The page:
Ouch.  It's really a no-brainer to continue renting and invest your savings.  Don't forget
that taxes and HOA fees only go up and let's not even get started on "special assessments"
from the condo association.

ysette9

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Re: Case Study House or not?
« Reply #4 on: July 25, 2018, 03:06:05 PM »
I realize things are different in CO where housing is relatively cheap and open space goes on forever when you look eastward, but to me 900 ft^2 for a single person is huge. We are comfortably in 1100ft^2 for four.

There are transaction, maintenance, and insurance costs, not to mention interest associated with buying. Is that more favorable than just spending an extra $400/month to get what you want? Also, I’d caution against buying something with a future life partner in mind who may not materialize, may not work, may have different tastes, etc. It may make sense to buy now but it may make more sense to wait until you have some key life factors nailed down.

COeng

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Re: Case Study House or not?
« Reply #5 on: July 25, 2018, 03:14:38 PM »
@Rubic

Oh, I didn't know that about HOAs and I never considered increasing taxes. Yeah I can totally see that eating up a lot of cash for no reason in the future.

@ysette9
Current apartment is like 700, I totally agree 900 for a single person would be big. 800 would be ideal since I have little storage space.

Yeah, you're right that it's better to get some things nailed down firs if I do intend to buy later on and that maybe paying for more space isn't a bad thing. I kind of feel ok where I live but I definitely want and can afford a bigger apartment. Yeah maybe i should consider upgrading someday.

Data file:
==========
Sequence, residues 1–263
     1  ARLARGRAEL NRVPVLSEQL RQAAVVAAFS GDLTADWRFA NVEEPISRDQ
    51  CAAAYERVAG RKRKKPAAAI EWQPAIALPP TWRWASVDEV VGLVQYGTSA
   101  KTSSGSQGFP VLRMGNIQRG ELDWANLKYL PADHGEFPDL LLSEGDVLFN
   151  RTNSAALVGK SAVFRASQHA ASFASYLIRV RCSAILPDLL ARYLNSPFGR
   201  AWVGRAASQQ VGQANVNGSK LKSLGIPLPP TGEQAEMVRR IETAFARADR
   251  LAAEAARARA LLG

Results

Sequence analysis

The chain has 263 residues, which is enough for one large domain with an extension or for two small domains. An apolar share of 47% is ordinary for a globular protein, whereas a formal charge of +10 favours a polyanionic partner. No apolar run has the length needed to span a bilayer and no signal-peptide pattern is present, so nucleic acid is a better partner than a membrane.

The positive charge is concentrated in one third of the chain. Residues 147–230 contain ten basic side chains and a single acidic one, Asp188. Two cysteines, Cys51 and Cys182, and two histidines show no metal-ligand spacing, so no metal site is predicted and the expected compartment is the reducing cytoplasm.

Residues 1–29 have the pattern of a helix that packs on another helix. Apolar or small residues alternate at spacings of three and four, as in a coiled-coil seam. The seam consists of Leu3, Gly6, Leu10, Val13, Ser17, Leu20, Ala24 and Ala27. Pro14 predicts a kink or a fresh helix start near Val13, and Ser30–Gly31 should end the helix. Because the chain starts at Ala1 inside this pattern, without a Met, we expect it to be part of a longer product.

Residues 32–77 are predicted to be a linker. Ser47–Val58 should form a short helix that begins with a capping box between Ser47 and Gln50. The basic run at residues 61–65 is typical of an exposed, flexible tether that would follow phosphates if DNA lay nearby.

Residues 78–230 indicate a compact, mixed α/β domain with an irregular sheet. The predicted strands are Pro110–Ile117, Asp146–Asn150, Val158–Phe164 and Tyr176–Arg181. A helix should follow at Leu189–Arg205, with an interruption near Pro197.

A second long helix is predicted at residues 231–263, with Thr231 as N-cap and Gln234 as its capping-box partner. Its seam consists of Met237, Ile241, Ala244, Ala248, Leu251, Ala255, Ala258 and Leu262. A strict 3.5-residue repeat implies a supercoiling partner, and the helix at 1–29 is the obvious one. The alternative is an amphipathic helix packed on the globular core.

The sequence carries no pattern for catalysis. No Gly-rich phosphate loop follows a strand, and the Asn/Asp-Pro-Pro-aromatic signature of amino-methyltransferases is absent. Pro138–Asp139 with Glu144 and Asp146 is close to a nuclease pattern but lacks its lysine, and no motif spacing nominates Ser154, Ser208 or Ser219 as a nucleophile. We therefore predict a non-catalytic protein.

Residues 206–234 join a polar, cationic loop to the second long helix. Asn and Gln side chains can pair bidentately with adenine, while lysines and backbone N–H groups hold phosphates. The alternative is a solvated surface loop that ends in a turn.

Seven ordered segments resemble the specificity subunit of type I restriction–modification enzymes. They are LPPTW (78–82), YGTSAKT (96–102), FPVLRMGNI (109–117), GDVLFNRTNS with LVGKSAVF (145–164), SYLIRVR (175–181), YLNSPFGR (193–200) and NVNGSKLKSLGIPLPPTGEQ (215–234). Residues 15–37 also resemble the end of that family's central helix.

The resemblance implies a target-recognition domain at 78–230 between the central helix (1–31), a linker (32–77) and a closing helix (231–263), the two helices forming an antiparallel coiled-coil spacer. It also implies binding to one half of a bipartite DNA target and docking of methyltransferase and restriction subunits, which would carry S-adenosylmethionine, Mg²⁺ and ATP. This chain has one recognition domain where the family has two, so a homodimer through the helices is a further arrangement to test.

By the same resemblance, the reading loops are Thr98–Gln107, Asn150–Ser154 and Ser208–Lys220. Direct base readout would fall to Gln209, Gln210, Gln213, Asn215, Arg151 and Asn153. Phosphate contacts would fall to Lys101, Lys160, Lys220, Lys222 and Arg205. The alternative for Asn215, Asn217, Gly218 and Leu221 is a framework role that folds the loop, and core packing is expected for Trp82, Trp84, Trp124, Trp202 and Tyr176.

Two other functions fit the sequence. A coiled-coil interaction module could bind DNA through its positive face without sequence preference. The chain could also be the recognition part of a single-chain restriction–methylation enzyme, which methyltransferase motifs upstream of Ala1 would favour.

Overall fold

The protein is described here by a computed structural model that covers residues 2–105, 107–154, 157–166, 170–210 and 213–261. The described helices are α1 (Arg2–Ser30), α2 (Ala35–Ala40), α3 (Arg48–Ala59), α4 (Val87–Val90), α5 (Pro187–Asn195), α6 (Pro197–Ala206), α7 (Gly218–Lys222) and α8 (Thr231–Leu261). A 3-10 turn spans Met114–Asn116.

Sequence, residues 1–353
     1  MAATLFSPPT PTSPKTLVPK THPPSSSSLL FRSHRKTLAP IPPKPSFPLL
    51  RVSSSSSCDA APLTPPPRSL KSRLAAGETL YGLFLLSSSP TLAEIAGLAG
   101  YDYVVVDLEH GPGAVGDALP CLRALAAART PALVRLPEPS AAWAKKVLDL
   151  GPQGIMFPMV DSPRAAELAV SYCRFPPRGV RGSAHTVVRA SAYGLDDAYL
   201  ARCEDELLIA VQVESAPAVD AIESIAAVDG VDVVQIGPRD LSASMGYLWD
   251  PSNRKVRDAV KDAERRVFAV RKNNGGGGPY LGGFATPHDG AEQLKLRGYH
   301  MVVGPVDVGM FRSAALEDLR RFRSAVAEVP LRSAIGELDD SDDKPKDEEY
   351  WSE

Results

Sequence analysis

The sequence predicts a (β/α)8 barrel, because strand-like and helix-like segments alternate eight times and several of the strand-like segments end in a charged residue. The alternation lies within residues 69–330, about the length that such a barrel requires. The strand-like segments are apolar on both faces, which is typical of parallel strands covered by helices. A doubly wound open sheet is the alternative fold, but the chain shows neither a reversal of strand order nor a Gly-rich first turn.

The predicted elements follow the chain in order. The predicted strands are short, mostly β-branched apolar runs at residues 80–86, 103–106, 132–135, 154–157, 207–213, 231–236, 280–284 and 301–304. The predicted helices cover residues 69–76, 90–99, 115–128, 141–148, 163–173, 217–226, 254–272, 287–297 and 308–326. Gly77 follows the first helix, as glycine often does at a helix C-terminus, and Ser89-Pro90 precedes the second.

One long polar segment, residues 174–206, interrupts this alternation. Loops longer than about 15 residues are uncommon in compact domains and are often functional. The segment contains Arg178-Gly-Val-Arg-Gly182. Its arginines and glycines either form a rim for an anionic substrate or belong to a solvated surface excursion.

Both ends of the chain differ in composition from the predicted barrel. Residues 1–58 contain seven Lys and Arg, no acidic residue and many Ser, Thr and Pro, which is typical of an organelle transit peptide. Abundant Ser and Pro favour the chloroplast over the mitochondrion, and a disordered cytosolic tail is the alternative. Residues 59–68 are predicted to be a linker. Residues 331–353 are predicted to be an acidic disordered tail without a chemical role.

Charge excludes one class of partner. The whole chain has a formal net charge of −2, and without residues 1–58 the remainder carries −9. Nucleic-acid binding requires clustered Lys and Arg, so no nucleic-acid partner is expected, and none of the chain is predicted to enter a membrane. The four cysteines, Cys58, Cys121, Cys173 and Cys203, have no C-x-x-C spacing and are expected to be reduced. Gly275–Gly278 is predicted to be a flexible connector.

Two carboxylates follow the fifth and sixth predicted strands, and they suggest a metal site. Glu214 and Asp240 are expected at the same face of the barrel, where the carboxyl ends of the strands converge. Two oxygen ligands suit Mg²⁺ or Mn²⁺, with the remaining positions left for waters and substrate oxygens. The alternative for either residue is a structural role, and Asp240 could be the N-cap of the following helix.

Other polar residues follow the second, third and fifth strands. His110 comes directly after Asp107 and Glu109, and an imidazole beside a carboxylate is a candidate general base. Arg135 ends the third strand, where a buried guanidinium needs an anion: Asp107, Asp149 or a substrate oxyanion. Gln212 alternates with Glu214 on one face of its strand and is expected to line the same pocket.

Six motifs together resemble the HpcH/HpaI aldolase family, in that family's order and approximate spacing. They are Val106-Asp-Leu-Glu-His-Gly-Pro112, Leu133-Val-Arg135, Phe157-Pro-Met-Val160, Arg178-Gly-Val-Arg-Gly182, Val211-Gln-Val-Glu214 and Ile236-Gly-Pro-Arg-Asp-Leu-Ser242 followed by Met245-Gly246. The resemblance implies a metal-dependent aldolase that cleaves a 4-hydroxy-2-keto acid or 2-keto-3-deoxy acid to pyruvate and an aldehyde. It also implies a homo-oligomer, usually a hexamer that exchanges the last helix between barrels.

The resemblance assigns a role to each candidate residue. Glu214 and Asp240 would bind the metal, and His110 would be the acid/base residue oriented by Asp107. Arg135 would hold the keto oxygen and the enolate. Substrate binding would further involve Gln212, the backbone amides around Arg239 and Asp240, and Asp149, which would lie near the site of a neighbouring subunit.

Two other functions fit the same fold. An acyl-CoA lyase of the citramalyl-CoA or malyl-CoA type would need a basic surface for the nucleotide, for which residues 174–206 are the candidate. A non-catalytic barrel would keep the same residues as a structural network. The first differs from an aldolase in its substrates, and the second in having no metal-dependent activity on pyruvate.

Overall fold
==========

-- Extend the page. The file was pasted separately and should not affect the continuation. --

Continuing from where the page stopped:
formerlydivorcedmom

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Re: Case Study House or not?
« Reply #6 on: July 25, 2018, 03:39:26 PM »
Also remember that if you buy a house your commute may increase, leading to more costs/less time.

I bought my first house at 24, and it was a mistake.  It was supposed to be a "forever" home.  Husband got a job 3 hours away....so after 3 years we had to sell.

The third house, when I was 32, was also a mistake.  I was newly single and bought a house near my job and day care.  Literally the week I closed on the house I met my current husband.  He lived and worked an hour away....so a few months after we got married we sold the house and moved to a more convenient location.  If you think there's a chance you'll find a partner in the next few years...it might make sense to not buy now.